RoboCop (2014) – Review

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For some reason , Hollywood became convinced that it is time to reshoot the features of Dutch filmmaker Paul Verhoeven who helped give substance to the American action cinema in the 1980s and 1990s , such as Total Recall – whose remake came out in 2012 – and now RoboCop. It turns out that the films of Verhoeven, and personalist , always come with a built satire, which makes it potentially ridiculous trying to play them .

MGM took few years with the project, to see Elite Squad and decide that the Brazilian director José Padilha was right to update the RoboCop . The similarity is evident – Captain Nascimento of BOPE and his train headed to deal with the crime of machinelike way, with the efficiency of a robot, and dehumanized in the process – and in fact is not surprising that the 2014 split with RoboCop the first Elite Squad also some qualities and their defects.

The main similarity is the tendency to create an intricate panel views. This can be understood as both an advantage (the movie would gain in complexity to encompass various issues) and as a disability (the views are nullify each other and the film is without its own that goal perspective).

Regarding RoboCop 1987, we have known the premise of the cop who is attacked and is kept alive as a machine. The difference Padilla brings many adjuncts are created not only as functional pieces for the plot but mainly as discussion topics: scientist à la Dr. Frankenstein (debate of scientific ethics), the police (discussion of corruption, seduction of crime) , the TV anchor reactionary (the debate power of media influence), industrial with your marketing department (debate on consumerism and public opinion).

What we have is not necessarily complex panel, maybe just complicated. Who seems lost in the midst of shooting subjects is precisely the protagonist , dumped in their decisions and in his hero’s journey. With Captain Nascimento was the same (and correct Padilha knew in the second movie), and so the first Elite Squad seemed sometimes condemn, sometimes automated legitimize violence. In his RoboCop, the director shows like programming the machine reduces the humanity of the police, but at the same time it satisfies, in scenes inspired action games in the first-person shooter, with the efficiency of this machine .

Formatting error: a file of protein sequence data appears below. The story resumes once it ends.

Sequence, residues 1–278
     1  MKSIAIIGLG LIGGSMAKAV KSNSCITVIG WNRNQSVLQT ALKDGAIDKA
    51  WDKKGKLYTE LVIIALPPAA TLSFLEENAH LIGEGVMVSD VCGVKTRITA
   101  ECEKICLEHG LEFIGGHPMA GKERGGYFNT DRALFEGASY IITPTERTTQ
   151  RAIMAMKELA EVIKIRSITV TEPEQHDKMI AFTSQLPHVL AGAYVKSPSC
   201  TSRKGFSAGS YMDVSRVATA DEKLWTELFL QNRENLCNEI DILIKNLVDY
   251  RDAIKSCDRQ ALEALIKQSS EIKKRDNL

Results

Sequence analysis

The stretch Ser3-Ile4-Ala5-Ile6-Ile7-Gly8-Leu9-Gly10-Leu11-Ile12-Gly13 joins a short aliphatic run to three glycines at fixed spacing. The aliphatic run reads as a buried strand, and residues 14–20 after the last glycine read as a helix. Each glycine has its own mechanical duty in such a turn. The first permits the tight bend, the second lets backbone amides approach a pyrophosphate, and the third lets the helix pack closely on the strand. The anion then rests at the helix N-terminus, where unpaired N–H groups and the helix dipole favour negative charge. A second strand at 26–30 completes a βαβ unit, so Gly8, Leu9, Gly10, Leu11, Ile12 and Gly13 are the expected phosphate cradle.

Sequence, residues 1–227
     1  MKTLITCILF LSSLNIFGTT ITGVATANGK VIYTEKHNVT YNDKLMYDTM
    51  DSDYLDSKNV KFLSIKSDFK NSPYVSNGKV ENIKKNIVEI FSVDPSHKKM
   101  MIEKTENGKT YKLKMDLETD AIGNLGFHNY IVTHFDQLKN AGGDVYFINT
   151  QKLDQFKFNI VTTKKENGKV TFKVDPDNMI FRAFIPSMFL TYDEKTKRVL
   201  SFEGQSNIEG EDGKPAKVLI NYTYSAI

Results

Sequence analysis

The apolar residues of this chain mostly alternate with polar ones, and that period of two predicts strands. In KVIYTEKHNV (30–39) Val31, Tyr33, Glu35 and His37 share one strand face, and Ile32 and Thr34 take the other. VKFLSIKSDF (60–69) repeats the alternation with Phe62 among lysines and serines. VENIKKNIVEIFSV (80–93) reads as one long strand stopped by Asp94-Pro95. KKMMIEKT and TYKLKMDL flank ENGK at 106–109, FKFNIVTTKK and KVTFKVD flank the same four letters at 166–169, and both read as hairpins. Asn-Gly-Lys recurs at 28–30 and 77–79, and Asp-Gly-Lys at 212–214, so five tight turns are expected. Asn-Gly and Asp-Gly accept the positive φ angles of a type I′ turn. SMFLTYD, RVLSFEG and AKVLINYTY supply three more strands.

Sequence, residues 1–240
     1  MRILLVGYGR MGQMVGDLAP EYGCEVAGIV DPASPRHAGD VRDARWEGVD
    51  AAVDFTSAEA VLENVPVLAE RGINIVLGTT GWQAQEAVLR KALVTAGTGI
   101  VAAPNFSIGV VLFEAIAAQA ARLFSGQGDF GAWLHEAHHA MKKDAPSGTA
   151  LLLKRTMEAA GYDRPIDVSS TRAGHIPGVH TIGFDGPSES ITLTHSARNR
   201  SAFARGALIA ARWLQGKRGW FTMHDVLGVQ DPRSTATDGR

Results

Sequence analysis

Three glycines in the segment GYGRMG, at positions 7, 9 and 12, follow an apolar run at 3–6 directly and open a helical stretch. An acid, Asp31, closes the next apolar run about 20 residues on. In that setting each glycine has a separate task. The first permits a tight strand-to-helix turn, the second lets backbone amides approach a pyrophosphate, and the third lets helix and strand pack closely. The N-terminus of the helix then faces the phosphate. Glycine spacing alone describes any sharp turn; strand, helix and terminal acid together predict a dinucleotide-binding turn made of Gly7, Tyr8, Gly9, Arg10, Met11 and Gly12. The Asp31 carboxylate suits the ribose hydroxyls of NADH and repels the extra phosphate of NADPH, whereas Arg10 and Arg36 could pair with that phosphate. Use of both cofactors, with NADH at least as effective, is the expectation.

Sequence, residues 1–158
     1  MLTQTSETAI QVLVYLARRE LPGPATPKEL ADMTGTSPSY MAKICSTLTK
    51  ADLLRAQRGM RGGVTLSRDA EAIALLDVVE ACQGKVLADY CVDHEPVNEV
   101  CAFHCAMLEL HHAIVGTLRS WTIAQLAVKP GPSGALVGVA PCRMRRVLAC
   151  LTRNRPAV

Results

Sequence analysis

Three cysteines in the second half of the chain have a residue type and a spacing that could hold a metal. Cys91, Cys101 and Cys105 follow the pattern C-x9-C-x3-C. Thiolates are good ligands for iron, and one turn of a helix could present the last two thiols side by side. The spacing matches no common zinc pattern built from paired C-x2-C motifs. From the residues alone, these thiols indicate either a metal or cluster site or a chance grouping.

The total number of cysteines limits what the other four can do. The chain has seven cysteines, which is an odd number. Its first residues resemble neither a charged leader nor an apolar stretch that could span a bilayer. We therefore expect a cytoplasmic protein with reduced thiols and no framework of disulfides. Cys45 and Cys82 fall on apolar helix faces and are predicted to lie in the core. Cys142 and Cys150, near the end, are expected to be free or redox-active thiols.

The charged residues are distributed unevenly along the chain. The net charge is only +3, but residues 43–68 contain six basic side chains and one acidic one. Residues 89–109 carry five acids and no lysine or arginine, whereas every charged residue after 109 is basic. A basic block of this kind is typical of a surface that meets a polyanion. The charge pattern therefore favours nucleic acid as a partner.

Perhaps the most timely example of this disorder is the use that Padilha is the theme music created in 1987 by Basil Poledouris: the fanfare appears within the first triumphantly evocative credits, but then the theme is reused during the film ironically, to associate it to the fascist discourse. The theme music ceases to be reassuring part of a collective unconscious and becomes mote the villainous side of the debate – and the viewer , understandably, is not understanding whether or not to adhere to it.

Like RoboCop, Padilha is obsessed with interfaces, information filters and forms of mediation  full à la NSA surveillance is a much hotter topic in the film than the drones), that its paradoxical inability to elect their own perspective will undoubtedly this remake a success in classes semiotics. But it is in comparison to the original RoboCop things are clear: Verhoeven mixed themes and tones in the key of black humor to create a worldview idiosyncratic but singular, while the plural of Padilha film is above all a symptom of the age of misinformation in which we live.

For example the download of the full criminal database of Detroit, catching the head of Alex Murphy, full access to information, sides and debates can only result in schizophrenia. Maybe there will not only remake the polarization that has generated criticism as well as the interest that this RoboCop stimulates.

Director: José Padilha
Stars: Joel Kinnaman, Gary Oldman, Michael Keaton

3/5 – Good

This post was written by Jeff H.

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